Let’s go with the good first, because there’s plenty of it. Again, the pacing of this film makes it accessible to anyone. It is a fun, action packed, rollicking good ride through space. The characters, by and large, are established now and the actors playing them have settled in well. Effects are extraordinary again. Music is similar to the last movie, with no standout new themes coming through, but it’s a good continuation of the last flick. There’s great humour again, accessible and relatable characterizations, and a solid continuation of a more humanized, less sterile Star Trek universe.

The bad: the script’s attempts at complexity quite often fall flat or come across as convolution for the sake of it. They show courage in tackling things most Trekkers consider sacred, but I don’t believe it’s successful this time out—too tall an order. I was hoping to see more of Karl Urban’s McCoy become his own in this one, but he’s really not given that much to do. Not his fault. Benedict Cumberbatch’s character is full of surprises, but I think he is under-utilized, and considering the big reveal of his character, more screen time was required and a more exciting conclusion warranted. There are some poignant themes that are weakened by essential rehashes of scenes that have come before in other Trek movies: changing the players around doesn’t make it clever. And there are far too many tendrils set up in this film held over for another. Some are great, but it gets beyond a joke.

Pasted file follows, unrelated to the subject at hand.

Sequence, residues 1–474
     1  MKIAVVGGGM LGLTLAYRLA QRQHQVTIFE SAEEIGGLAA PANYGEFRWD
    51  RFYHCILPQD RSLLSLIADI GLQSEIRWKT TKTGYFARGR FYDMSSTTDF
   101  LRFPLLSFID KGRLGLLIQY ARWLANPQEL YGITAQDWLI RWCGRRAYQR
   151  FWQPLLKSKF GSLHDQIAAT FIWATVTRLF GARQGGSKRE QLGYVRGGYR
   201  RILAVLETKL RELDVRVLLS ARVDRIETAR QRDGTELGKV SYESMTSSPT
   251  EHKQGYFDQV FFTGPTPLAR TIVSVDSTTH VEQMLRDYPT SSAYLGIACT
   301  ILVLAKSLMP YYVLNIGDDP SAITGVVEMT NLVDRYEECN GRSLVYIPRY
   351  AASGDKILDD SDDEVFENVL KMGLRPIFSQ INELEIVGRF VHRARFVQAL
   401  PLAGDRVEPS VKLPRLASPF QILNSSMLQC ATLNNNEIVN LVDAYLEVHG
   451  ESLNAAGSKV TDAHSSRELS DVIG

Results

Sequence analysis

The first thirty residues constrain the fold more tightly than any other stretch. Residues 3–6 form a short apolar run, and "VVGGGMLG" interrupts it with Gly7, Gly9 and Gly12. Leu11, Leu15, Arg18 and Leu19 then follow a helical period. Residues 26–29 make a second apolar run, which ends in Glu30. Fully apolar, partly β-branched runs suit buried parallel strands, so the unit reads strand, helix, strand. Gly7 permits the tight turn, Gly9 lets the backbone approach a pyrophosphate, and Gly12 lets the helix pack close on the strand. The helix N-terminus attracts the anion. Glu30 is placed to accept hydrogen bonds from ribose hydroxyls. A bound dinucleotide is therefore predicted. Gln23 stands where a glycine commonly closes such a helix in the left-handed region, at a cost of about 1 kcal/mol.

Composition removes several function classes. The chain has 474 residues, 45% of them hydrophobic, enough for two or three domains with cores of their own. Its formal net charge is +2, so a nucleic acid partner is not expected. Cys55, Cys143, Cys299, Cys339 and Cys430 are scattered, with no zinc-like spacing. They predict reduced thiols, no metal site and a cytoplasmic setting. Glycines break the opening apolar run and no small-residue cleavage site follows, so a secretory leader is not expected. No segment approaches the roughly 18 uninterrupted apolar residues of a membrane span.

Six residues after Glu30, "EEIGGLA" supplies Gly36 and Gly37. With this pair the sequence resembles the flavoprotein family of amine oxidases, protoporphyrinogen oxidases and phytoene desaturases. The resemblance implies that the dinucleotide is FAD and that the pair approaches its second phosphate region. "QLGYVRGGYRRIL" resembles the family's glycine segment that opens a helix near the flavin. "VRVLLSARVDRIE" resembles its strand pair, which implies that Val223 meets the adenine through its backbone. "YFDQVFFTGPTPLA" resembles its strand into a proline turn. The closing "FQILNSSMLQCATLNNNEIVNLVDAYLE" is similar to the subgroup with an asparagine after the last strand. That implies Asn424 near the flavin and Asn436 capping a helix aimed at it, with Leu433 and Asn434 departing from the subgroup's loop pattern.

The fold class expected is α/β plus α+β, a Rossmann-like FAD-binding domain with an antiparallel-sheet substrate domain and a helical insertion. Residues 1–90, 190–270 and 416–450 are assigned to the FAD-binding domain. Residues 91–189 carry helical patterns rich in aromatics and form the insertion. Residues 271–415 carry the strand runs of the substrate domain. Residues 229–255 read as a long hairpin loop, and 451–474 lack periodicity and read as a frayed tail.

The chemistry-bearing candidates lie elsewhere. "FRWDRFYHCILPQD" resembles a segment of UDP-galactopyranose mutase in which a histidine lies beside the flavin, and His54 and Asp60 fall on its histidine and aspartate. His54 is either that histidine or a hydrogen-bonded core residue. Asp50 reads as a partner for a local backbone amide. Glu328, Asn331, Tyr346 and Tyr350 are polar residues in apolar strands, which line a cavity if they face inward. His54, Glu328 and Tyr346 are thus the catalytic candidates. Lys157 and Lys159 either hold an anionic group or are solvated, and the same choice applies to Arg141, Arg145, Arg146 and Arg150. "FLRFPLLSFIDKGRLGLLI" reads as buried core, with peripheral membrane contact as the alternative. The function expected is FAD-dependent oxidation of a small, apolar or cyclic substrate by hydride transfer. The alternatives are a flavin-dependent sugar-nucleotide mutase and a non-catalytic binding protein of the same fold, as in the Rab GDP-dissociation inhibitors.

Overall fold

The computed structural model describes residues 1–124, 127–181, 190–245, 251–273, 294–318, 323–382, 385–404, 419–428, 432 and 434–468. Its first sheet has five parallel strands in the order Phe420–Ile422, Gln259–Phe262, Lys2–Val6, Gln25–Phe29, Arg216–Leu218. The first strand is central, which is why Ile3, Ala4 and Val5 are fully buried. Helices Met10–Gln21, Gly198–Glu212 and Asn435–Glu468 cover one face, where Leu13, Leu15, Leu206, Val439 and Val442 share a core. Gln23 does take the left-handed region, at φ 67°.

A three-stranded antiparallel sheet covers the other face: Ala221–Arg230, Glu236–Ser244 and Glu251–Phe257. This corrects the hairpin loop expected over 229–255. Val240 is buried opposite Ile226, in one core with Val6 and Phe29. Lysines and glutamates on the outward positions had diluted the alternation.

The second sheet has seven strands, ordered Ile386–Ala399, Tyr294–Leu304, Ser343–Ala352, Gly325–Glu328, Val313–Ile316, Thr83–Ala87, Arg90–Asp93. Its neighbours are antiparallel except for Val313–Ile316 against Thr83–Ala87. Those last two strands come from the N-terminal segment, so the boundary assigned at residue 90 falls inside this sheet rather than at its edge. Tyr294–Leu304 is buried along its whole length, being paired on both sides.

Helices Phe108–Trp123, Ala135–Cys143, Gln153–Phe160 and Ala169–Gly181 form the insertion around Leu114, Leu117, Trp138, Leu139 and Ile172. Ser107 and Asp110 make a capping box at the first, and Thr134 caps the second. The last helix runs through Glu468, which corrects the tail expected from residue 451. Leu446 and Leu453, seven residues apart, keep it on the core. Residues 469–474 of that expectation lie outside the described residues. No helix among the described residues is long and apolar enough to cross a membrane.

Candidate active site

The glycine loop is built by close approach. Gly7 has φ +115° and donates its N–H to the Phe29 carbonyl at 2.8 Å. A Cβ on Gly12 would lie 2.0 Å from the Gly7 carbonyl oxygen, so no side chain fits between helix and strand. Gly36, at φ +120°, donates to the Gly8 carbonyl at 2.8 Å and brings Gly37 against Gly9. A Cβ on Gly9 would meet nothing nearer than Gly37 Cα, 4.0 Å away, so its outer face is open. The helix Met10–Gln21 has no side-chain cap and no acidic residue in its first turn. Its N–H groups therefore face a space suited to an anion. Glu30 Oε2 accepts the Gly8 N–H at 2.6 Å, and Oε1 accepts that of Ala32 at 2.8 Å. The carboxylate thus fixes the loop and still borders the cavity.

There is no reason you can’t come to this movie and have a good time. Set your brain to stun, and a visual, engaging feast awaits you. But if you’re at all familiar with Roddenberry’s original conception of Star Trek, this film is lacking it; added to which they gambled on using a Star Trek icon and don’t pull it off. They gave themselves free reign to change anything they want in this universe with the first one. Perhaps they should avoid what’s been done and, next time, ‘go where no man has gone before’.

3/5 beers

Star Trek: Into Darkness / 4K Ultra HD + Blu-ray + Digital - Review

VIDEO: